It’s no secret that hiring managers are looking for effective people to join their teams. if you start each of your experience descriptions with “Worked on…”, “Was responsible for…” none of your experience will seem exciting or particularly unique to hiring managers. Instead, start each job experience section with a strong action word that describes what you accomplished in your previous role. Need some help thinking of strong action words? Check out this list, here.
We get it, it can be easy to overthink your resume and try to do anything possible to make it stand out. We’re here to say that, unless you are going after a creative role, try to keep the formatting of your resume simple and easy to read. In fact, our founders have reviewed hundreds of thousands of resumes and this resume template is their favorite. Why not try it on for size?
Founder tip: Save your resume and share it as a PDF. This ensures your resume will look the way you intended it for all audiences.
An objective or summary section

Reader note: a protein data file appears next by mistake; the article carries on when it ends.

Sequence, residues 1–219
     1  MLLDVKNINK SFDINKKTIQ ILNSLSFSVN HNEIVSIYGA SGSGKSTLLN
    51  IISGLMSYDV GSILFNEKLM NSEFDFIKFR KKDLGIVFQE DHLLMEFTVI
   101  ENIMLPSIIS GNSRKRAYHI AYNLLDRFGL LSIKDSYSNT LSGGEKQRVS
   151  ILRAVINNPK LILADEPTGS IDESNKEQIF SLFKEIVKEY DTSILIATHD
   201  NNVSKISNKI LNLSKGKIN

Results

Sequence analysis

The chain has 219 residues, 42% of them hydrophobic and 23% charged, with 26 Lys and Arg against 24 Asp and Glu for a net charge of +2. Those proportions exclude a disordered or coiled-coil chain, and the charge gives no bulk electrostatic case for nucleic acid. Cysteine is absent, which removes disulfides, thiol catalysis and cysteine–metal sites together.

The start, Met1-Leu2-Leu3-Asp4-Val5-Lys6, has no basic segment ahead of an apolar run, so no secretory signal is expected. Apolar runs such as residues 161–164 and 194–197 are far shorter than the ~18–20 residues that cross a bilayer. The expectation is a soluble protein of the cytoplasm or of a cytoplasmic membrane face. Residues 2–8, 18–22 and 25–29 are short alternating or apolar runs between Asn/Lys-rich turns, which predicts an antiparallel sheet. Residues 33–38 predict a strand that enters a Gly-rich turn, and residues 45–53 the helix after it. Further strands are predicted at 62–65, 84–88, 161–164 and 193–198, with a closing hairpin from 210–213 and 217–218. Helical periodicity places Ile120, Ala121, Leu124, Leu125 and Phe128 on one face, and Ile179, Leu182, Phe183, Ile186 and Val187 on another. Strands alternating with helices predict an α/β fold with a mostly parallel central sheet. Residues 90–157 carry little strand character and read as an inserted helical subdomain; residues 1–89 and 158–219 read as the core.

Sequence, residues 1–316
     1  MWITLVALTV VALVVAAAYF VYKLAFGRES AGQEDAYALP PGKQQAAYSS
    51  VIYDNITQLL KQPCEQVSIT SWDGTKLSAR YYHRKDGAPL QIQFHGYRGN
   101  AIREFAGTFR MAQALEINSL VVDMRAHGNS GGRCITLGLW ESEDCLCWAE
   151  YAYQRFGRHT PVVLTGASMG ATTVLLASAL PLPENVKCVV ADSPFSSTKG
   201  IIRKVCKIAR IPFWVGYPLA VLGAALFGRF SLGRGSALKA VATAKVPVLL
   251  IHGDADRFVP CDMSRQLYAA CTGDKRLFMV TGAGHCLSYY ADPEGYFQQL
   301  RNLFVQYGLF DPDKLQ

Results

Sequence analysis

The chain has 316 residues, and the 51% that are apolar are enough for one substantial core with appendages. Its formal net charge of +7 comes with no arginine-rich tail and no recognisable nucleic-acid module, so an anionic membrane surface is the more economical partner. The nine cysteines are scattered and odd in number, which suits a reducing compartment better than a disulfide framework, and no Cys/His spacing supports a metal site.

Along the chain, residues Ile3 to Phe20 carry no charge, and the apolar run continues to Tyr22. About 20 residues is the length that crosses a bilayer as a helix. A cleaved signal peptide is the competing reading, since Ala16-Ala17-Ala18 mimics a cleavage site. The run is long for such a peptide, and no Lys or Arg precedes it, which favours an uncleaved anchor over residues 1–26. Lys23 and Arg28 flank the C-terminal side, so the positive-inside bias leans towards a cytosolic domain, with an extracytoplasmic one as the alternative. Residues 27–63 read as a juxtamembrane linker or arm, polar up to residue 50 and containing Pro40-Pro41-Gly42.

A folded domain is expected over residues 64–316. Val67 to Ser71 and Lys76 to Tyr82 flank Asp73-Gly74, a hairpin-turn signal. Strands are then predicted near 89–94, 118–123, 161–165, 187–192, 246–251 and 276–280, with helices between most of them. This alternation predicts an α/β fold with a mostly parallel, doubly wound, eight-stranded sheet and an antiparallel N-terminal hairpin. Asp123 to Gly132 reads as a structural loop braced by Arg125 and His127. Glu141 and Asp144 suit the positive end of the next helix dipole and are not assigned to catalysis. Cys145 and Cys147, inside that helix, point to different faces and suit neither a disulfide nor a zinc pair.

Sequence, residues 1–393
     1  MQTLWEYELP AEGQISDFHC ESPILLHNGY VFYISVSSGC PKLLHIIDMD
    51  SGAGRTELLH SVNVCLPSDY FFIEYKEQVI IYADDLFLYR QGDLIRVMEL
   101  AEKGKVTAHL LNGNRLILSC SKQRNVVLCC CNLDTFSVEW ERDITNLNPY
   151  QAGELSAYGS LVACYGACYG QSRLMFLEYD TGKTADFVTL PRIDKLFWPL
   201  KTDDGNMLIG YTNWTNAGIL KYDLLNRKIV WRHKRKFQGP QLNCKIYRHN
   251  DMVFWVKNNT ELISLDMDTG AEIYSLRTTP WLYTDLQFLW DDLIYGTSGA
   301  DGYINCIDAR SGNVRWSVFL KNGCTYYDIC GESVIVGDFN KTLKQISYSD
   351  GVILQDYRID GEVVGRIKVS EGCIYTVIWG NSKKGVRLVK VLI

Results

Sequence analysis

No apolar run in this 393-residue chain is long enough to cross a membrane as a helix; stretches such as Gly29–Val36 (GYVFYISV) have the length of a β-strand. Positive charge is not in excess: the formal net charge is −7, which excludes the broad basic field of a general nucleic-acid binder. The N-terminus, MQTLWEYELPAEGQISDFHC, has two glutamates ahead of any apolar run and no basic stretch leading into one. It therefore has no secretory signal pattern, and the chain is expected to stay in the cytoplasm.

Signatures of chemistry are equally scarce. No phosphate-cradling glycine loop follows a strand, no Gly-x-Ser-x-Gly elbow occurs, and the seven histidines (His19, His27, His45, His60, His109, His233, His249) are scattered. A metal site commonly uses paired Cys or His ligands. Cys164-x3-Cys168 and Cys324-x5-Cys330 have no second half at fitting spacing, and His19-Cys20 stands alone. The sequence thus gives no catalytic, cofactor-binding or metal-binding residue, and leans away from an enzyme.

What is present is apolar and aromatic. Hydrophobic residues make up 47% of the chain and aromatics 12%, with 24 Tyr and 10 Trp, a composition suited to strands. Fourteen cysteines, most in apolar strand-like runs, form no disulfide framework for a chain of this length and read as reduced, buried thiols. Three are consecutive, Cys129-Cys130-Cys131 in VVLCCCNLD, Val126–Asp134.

We’ll keep this section short and sweet. An objective or resume summary section is basically a reiteration of your cover letter. Summary sections tend to be useful in 2 cases. 1) you have a non-linear career path and you need to synthesize your story to make it clear to the reader and 2) if you want to switch careers. If neither of these situations apply to you, it’s probably best to leave it off. It’s simply another section distracting from your experience and unnecessarily lengthening your resume.
Not telling a clear story or career path
What many job seekers don’t realize is that hiring managers read resumes to get a clear picture of a candidate’s career path. They want to know why you want the job.
So, before submitting your resume to job boards, read over it to see if your career path makes sense. Have a friend do the same. See if it makes sense to them that you’re applying for the roles you’re applying to. If it doesn’t make sense, I try mirroring some of the language in the job descriptions you’re applying to. Ask yourself how your experience would make you great at those jobs. If you’re able to communicate that, that your resume will make much more sense.
Bonus founder tips from Jax:
- Add taglines for companies you worked for that are not well known or “brand names.” Ie. if you worked for Chelsea & Associates, a hiring manager will probably have no idea what industry that’s in. So, on your resume, try writing something like Chelsea & Associates A Boutique Law Firm to give hiring managers more context to your experience.
- If you can, add a hobby or interest section to make yourself stand out as more human to hiring managers. It may feel like a breath of fresh air after sorting through 100s of resumes.